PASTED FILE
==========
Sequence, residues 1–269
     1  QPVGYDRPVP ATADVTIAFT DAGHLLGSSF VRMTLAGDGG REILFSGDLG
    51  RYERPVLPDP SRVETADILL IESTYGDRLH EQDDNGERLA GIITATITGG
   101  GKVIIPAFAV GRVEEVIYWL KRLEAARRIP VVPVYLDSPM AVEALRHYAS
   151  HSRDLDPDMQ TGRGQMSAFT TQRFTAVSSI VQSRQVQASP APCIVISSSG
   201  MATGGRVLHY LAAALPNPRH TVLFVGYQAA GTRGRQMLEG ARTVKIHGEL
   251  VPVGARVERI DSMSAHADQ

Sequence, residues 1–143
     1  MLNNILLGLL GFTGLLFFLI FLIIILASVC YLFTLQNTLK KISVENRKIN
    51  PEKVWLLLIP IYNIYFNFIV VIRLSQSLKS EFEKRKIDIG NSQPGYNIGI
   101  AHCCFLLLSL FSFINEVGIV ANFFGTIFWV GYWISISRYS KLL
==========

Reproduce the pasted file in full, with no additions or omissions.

Sequence, residues 1–269
     1  QPVGYDRPVP ATADVTIAFT DAGHLLGSSF VRMTLAGDGG REILFSGDLG
    51  RYERPVLPDP SRVETADILL IESTYGDRLH EQDDNGERLA GIITATITGG
   101  GKVIIPAFAV GRVEEVIYWL KRLEAARRIP VVPVYLDSPM AVEALRHYAS
   151  HSRDLDPDMQ TGRGQMSAFT TQRFTAVSSI VQSRQVQASP APCIVISSSG
   201  MATGGRVLHY LAAALPNPRH TVLFVGYQAA GTRGRQMLEG ARTVKIHGEL
   251  VPVGARVERI DSMSAHADQ

Sequence, residues 1–143
     1  MLNNILLGLL GFTGLLFFLI FLIIILASVC YLFTLQNTLK KISVENRKIN
    51  PEKVWLLLIP IYNIYFNFIV VIRLSQSLKS EFEKRKIDIG NSQPGYNIGI
   101  AHCCFLLLSL FSFINEVGIV ANFFGTIFWV GYWISISRYS KLL